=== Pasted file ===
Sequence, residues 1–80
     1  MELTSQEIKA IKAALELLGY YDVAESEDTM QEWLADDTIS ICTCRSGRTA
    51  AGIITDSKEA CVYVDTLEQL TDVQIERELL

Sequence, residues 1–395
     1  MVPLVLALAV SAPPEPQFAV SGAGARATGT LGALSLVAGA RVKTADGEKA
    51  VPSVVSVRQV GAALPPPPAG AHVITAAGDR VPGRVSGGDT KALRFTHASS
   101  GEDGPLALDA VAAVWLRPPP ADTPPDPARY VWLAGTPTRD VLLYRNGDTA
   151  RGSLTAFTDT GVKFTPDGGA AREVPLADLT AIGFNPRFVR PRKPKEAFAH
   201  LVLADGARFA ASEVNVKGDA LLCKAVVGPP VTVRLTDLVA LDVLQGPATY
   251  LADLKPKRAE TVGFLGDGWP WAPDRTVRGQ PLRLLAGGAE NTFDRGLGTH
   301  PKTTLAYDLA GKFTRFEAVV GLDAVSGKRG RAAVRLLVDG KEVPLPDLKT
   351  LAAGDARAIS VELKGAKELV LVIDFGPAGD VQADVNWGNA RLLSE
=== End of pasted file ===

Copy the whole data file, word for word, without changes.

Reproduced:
Sequence, residues 1–80
     1  MELTSQEIKA IKAALELLGY YDVAESEDTM QEWLADDTIS ICTCRSGRTA
    51  AGIITDSKEA CVYVDTLEQL TDVQIERELL

Sequence, residues 1–395
     1  MVPLVLALAV SAPPEPQFAV SGAGARATGT LGALSLVAGA RVKTADGEKA
    51  VPSVVSVRQV GAALPPPPAG AHVITAAGDR VPGRVSGGDT KALRFTHASS
   101  GEDGPLALDA VAAVWLRPPP ADTPPDPARY VWLAGTPTRD VLLYRNGDTA
   151  RGSLTAFTDT GVKFTPDGGA AREVPLADLT AIGFNPRFVR PRKPKEAFAH
   201  LVLADGARFA ASEVNVKGDA LLCKAVVGPP VTVRLTDLVA LDVLQGPATY
   251  LADLKPKRAE TVGFLGDGWP WAPDRTVRGQ PLRLLAGGAE NTFDRGLGTH
   301  PKTTLAYDLA GKFTRFEAVV GLDAVSGKRG RAAVRLLVDG KEVPLPDLKT
   351  LAAGDARAIS VELKGAKELV LVIDFGPAGD VQADVNWGNA RLLSE